Reading csv files from various sources is a PITA  everybody has their own notion of how they need to work  and sooner or later you are going to have to work around some wtf which involves string to number conversion. I don't suppose this is the case here, but in the past I have had to have custom string to number and number to string formatters to import from, process and export to csv files.
Admin
If you are getting numbers like that in your accounting system, either something is very wrong or the Greek government would like a contribution from your petty cash drawer to pay back their debt and rebuild their economy.
Unless we get hyperinflation any time soon, any example using numbers > 10^{12} is just looking for an argument.
Admin
US national debt > 1.8 * 10^{13}
Admin
If your accounting system (the context I was referring to) is regularly handling the US national debt as a number on which it does multiplicative arithmetic, I'm glad I don't work for your company. Even Apple has a turnover < $10^{12}, though I guess if the bubble doesn't burst that might get exceeded one day. But that's going to be the biggest number in the annual statement, and nobody is going to worry about the rounding error in the last place.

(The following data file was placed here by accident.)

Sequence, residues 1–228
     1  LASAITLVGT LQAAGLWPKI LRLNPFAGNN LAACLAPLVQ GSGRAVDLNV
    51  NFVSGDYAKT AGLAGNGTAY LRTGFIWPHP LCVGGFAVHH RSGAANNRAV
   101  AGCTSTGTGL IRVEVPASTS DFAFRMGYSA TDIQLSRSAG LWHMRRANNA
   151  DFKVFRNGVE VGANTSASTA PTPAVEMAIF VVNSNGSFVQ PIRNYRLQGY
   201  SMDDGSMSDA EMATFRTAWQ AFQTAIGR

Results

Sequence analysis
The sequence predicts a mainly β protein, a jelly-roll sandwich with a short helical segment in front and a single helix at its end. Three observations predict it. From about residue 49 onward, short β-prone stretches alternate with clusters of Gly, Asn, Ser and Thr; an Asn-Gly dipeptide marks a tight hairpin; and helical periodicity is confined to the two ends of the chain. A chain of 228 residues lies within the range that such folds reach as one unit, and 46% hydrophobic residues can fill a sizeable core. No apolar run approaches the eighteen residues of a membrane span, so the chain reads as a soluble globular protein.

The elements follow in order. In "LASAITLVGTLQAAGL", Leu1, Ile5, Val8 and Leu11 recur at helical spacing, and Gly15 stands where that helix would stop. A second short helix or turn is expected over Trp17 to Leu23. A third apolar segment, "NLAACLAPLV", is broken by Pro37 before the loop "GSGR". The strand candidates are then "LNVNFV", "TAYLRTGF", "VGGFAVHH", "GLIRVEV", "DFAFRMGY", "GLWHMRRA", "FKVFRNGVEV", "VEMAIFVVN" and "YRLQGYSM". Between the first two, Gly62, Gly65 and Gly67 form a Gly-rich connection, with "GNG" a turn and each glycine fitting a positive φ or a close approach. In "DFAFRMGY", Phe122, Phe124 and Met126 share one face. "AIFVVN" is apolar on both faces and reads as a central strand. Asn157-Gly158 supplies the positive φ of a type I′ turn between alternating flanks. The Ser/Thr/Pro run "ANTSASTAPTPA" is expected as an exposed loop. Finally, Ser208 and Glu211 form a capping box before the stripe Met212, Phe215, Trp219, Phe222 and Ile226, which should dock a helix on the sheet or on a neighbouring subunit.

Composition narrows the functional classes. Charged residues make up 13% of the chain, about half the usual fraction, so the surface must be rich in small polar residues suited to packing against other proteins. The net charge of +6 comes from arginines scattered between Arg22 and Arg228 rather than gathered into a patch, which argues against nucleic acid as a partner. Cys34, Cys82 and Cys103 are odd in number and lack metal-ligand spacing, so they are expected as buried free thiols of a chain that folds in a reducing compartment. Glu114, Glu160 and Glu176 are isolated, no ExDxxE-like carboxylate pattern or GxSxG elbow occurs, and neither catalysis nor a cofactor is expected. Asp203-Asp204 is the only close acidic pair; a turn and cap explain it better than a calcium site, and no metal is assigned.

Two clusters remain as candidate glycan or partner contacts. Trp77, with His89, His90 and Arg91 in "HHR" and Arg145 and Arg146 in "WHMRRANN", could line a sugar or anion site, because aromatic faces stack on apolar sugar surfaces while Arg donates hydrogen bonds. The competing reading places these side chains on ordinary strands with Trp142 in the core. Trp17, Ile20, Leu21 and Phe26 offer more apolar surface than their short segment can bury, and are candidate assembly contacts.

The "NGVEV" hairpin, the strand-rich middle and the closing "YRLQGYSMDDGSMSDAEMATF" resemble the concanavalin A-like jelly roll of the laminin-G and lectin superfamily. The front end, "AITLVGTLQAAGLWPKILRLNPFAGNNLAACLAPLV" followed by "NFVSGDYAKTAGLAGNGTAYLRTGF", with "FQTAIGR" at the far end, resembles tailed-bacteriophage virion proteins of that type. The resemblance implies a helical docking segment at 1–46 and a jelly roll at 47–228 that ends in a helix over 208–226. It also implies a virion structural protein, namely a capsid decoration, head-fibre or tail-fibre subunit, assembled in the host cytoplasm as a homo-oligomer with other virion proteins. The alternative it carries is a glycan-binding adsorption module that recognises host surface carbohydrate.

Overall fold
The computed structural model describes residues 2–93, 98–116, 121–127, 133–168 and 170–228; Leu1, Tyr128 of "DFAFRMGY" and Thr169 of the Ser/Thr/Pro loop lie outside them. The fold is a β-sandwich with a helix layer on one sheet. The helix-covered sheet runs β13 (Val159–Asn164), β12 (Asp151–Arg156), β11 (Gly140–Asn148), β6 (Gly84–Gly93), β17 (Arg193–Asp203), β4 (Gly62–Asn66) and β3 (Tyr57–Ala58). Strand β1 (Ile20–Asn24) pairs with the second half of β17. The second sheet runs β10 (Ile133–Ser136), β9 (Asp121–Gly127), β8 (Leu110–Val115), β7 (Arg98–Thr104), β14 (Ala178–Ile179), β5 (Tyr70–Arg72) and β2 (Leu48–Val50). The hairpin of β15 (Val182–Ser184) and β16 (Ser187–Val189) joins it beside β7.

Admin
My example was clearly artificial, and I agree that numbers that large aren't going to show up in any real accounting situation for the next few decades. But using "53 bits of precision should be enough for any data this software will ever process" as an excuse to write buggy software is still wrong, especially when the correct alternative is clear and usable. Every language you might possibly write new code in this days has a reasonable Decimal/BigDecimal implementation in it.